Kappa (“river-child”), alternatively called Kawatarō (river-boy”), Komahiki (“horse puller”), or Kawako ( ”river-child”), are ayōkai found in Japanese folklore, and also a cryptid. Their name comes from a mixture of the word “kawa” (river) and “wappo,” an inflection of “waraba” (child). In Shintō they are considered to be one of many suijin (“water deity”), their yorishiro, or one of their temporary appearances.A hair-covered variation of a Kappa is called a Hyōsube . There are more than eighty other names associated with the kappa in different regions which include Kawappa, Gawappa, Kōgo, Mizushi, Mizuchi, Enkō, Kawaso, Suitengu, and Dangame. Along with the oni and the tengu, they are one of the most well-known yōkai in Japan.
Kappa are similar to Finnish Näkki, Scandinavian/Germanic Näck/Neck, Slavian Vodník and Scottish Kelpie in that all have been used to scare children of dangers lurking in waters.
It has been suggested that the kappa legends are based on the Japanese giant salamander or “hanzaki”, an aggressive salamander which grabs its prey with its powerful jaws.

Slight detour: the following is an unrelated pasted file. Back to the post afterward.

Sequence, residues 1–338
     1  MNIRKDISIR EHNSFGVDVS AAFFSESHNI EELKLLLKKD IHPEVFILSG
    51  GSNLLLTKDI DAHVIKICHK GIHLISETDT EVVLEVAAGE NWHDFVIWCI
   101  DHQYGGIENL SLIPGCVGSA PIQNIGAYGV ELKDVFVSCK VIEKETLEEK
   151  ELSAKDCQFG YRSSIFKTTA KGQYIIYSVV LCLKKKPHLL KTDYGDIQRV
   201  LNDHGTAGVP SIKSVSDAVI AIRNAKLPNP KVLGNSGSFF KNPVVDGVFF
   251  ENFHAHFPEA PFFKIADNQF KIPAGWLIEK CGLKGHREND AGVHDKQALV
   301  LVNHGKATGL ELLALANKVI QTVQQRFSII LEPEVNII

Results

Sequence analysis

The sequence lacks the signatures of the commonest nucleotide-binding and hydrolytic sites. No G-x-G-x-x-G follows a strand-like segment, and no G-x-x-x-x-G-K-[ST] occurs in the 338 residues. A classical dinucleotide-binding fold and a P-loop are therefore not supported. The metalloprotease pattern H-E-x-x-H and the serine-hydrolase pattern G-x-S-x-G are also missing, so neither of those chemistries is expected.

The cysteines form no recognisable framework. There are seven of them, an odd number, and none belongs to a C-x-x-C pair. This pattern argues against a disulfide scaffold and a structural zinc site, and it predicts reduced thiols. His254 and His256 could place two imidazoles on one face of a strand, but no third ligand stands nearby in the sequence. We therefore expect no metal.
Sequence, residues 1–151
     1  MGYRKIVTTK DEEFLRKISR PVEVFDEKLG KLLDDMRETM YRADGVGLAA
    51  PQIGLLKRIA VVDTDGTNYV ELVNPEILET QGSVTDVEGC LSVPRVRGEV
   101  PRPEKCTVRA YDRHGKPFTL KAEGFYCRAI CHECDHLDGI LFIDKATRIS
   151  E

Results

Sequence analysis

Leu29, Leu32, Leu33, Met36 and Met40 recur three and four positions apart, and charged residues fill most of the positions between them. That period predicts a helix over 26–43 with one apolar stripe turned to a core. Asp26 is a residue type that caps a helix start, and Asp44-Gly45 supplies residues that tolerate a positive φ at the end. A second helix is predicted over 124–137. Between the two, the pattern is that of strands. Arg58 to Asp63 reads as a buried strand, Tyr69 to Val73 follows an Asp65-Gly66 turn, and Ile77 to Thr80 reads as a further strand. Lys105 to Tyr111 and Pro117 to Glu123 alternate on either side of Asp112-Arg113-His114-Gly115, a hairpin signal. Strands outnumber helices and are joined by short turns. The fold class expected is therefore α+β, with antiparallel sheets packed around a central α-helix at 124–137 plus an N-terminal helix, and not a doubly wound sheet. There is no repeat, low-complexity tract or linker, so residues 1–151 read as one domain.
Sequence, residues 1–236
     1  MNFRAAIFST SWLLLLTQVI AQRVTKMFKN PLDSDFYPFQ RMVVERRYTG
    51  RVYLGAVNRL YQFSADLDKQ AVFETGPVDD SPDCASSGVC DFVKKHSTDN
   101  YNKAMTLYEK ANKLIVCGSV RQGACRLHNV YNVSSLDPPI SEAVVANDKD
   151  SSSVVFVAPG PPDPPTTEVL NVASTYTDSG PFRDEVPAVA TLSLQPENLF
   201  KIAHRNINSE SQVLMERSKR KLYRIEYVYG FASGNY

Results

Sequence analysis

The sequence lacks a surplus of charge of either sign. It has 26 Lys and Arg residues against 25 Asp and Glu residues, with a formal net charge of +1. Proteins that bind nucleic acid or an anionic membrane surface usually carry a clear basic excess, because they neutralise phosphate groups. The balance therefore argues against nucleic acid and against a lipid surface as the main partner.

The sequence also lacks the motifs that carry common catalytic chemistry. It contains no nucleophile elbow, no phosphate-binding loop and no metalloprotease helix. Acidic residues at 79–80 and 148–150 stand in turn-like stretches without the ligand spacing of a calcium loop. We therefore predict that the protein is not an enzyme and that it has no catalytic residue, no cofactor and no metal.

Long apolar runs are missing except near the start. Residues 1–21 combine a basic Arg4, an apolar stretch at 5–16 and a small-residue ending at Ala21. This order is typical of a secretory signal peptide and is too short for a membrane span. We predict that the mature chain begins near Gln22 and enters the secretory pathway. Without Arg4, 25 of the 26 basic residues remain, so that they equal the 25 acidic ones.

Kappa are typically depicted as roughly humanoid in form, and about the size of a child. Their scaly, reptilian skin ranges in color from green to yellow or blue.Kappa supposedly inhabit the ponds and rivers of Japan and have various features to aid them in this environment, such as webbed hands and feet. They are sometimes said to smell like fish, and they can certainly swim like them. The expression kappa-no-kawa-nagare (“a kappa drowning in a river”) conveys the idea that even experts make mistakes. Although their appearance varies from region to region, the most consistent features are a carapace, a beak for a mouth, and a plate (sara), which is a flat hairless region on top of their head that is always wet, and which is regarded as the source of their power. This cavity must be full whenever a kappa is away from the water; if ever dries, the kappa will lose its power, and may even die, according to some legends. Another notable feature in some stories, is that the kappa’s arms are said to be connected to each other through the torso and able to slide from one side to the other. While they are primarily water creatures, they do on occasion venture on to land. When they do, the plate can be covered with a metal cap for protection. In fact, in some incarnations, kappa will spend spring and summer in the water, and the rest of the year in the mountains as a Yama-no-Kami (“mountain deity”). Although they are reported to inhabit all of Japan, they are often said to be particular to Saga Prefecture.